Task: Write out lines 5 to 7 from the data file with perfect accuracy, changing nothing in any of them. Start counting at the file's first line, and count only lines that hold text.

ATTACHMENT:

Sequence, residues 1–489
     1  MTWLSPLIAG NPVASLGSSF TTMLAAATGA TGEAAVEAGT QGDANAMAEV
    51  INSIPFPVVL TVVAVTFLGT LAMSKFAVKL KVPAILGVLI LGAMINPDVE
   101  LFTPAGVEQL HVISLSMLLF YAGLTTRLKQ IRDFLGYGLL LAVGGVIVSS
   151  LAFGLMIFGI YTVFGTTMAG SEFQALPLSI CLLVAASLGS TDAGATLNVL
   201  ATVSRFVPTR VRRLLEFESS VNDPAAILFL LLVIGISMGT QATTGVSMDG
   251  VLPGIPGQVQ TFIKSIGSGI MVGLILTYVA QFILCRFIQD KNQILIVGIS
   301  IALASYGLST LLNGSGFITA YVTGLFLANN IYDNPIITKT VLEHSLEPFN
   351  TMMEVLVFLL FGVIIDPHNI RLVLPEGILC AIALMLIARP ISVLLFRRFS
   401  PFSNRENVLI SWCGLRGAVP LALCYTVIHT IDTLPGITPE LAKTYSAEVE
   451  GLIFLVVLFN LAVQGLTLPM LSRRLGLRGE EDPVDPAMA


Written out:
   151  LAFGLMIFGI YTVFGTTMAG SEFQALPLSI CLLVAASLGS TDAGATLNVL
   201  ATVSRFVPTR VRRLLEFESS VNDPAAILFL LLVIGISMGT QATTGVSMDG
   251  VLPGIPGQVQ TFIKSIGSGI MVGLILTYVA QFILCRFIQD KNQILIVGIS